Slick iPad app helps detectives become super sleuths

The Accurint Mobile for Law Enforcement tool from LexisNexis resides on an Apple iPad and can act as a force multiplier for local detectives or federal investigators.

The GCN Lab's Product of the Month for October is the Accurint Mobile for Law Enforcement app by LexisNexis. This amazing program resides on an Apple iPad and can act as a force multiplier for local detectives or federal investigators.

The Accurint Mobile program ties into a massive database that contains just about every type of record you can imagine and probably several that you can’t. Agencies purchase seat licenses to gain the right to use the database, which was designed to be accessed normally from a secure desktop computer. However, the new iPad application has almost as many features as the desktop program, is easy to use and deploy, and is offered for free to any agency that buys access to the core program. 


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The cost to tie into the LexisNexis database varies, though a moderately sized or large police force can expect the costs to be about $1,600 per investigator.

We sat down with Thomas Joyce, a former precinct commander for the New York Police Department, who now sells Accurint to other law enforcement agencies. We pretended we were investigating a crime and observed how easy and effective Accurint was for investigators in the field.

Time-saving search

The Law Enforcement app has just five buttons at the top level of the interface, each one representing one of the most popular and useful searches to the database. The possible searches are People, Phones, Vehicles, Property and Businesses. Using these searches properly could help detectives run down leads quickly in the field and deny suspects places to hide. It could also be used to double-check witness statements for truthfulness and accuracy in the field, something Joyce said had to be done in the past by driving back to the station house or calling in information over the phone. That added time to investigations, giving suspects more opportunity to pack their bags and go on the lam.

We first did a search for our suspect, actually someone Joyce knew so that nobody’s privacy would be violated. We were quickly shown 25 records that contained that person, showing us everything from known addresses, property owned and known associates. Known associates was the most interesting find. The database cross-references any matching records between people, so if someone lived with or paid bills using the same address as a suspect for a time, they would be brought up in the search. Relatives also pop up. You can also search for those new people to get an idea of where your suspect might be heading.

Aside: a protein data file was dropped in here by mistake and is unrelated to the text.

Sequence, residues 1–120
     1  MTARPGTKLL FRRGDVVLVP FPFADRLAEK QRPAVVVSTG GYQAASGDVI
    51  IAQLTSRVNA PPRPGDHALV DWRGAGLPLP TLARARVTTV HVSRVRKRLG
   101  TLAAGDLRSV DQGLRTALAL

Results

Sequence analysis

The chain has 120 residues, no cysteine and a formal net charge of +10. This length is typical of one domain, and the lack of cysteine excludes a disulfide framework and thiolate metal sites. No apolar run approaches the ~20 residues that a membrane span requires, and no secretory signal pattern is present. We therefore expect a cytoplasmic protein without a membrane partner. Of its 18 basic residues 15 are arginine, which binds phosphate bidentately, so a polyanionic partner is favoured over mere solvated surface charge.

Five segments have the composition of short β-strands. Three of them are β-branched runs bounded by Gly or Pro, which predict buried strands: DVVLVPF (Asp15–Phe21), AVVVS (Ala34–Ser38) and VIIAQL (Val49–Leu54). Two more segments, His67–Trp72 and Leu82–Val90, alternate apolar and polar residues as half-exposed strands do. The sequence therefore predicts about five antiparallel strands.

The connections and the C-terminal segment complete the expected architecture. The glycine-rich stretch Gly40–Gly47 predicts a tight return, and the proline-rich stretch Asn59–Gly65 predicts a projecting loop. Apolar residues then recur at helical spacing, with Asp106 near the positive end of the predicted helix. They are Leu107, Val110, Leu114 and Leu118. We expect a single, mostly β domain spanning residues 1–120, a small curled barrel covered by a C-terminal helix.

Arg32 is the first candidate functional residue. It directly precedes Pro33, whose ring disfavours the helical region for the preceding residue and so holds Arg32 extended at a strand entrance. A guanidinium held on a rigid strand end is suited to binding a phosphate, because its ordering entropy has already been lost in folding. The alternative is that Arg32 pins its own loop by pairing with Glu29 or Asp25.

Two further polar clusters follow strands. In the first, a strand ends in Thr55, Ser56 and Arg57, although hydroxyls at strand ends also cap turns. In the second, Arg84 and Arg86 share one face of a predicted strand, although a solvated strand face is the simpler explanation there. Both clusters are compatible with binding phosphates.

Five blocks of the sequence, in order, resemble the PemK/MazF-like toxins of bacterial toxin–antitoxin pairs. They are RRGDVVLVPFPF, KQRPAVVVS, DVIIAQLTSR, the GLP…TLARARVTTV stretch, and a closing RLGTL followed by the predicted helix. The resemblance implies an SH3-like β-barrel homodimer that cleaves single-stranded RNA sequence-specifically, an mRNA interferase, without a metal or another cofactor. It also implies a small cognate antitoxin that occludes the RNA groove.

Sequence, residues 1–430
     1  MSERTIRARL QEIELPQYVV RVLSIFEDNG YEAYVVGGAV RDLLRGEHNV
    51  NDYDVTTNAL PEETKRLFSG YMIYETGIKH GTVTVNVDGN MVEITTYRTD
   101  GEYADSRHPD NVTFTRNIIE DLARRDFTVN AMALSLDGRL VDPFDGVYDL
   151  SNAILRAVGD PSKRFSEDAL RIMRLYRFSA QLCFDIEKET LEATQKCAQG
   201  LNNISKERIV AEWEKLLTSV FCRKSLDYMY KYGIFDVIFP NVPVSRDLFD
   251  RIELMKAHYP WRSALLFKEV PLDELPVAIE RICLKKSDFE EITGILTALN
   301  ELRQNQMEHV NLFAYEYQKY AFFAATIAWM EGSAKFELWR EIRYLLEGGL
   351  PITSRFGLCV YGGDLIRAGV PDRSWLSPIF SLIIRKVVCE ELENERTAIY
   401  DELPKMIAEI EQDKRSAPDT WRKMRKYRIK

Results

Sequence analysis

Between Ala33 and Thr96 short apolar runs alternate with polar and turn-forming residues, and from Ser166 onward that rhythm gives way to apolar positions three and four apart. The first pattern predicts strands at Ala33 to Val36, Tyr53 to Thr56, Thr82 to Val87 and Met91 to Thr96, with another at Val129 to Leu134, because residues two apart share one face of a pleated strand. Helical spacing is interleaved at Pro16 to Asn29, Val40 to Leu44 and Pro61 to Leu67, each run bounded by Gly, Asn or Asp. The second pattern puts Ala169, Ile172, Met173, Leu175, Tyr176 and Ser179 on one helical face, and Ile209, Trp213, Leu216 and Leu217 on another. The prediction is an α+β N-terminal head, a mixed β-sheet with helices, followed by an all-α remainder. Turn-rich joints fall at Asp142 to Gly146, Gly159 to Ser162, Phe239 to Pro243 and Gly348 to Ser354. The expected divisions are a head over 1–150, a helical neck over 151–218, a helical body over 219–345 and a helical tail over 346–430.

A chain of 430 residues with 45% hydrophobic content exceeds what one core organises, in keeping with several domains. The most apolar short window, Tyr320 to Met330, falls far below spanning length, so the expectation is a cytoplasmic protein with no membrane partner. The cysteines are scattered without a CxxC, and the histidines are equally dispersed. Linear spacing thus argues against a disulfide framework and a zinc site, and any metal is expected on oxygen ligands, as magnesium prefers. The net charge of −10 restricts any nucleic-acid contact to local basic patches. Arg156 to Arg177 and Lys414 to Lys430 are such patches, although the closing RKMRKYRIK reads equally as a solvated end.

The database can also be used to help witnesses give more accurate information to police. For example, say a witness knows that a suspect lives on a certain street but doesn't know exactly where. The available information can be cross-referenced. In our fictional investigation, the witness knew the suspect had a sister named Dolores but not much else. Using the database, we were able to cross-reference partial names of our suspect with known associates named Dolores and narrow down a residence to just two places. If you have a cooperative witness, you can then show them both places on the screen and perhaps figure out the correct one.

Cell phone database

Another helpful tool is a very accurate phone database, including cell phone records. Not only does the database give you a person’s cell phone number, but it also tells you whether a phone has been ported to a new carrier, which is helpful if investigators need to request a tap or need access to phone records. According to Joyce, it can take a week to get a subpoena and have the wireless carrier return the information. A lot of times after waiting a week, police are told that the number was ported to a new carrier, and investigators have to start over again.

The Vehicles search is pretty self-explanatory and easy enough for detectives to do in the field. Say they roll up to a house and see a car that matches a description a witness gave. Just typing in the license plate number will give all the information about that car.

A Property search will show you anything a suspect owns that requires a license. This can be helpful because they might be hiding out on a boat they own, for example. And it can help in cases where assets can be seized because it points those assets out to investigators.

The Business search is a little bit more than a simple phone book, though it can be used for that purpose. Say a crime involves the use of a product that came from a hardware store. Investigators can use the app to find all the stores in an area. But they can also find information about the manager of the store. So an investigator does not have to go into a place and ask to speak to the manager or owner, and then not really know if the person they are directed to is, in fact, someone in charge. They can go in and ask for the owner by name.

The interface for the application is very easy to use. It’s designed well for the iPad and takes advantage of the tablet's easy-to-use interface. And searches were very fast using a 3G connection. They seemed to take between 15 and 30 seconds to return all their results, with none taking more than that. Many only took a few seconds.

This is an incredible tool for investigators, and we can see how it would help to identify a lot more suspects. It puts time on the side of law enforcement and means suspects have much less time before a cop gets to them. The Accurint Mobile for Law Enforcement App by LexisNexis earns our respect and our vote as Product of the Month for October.

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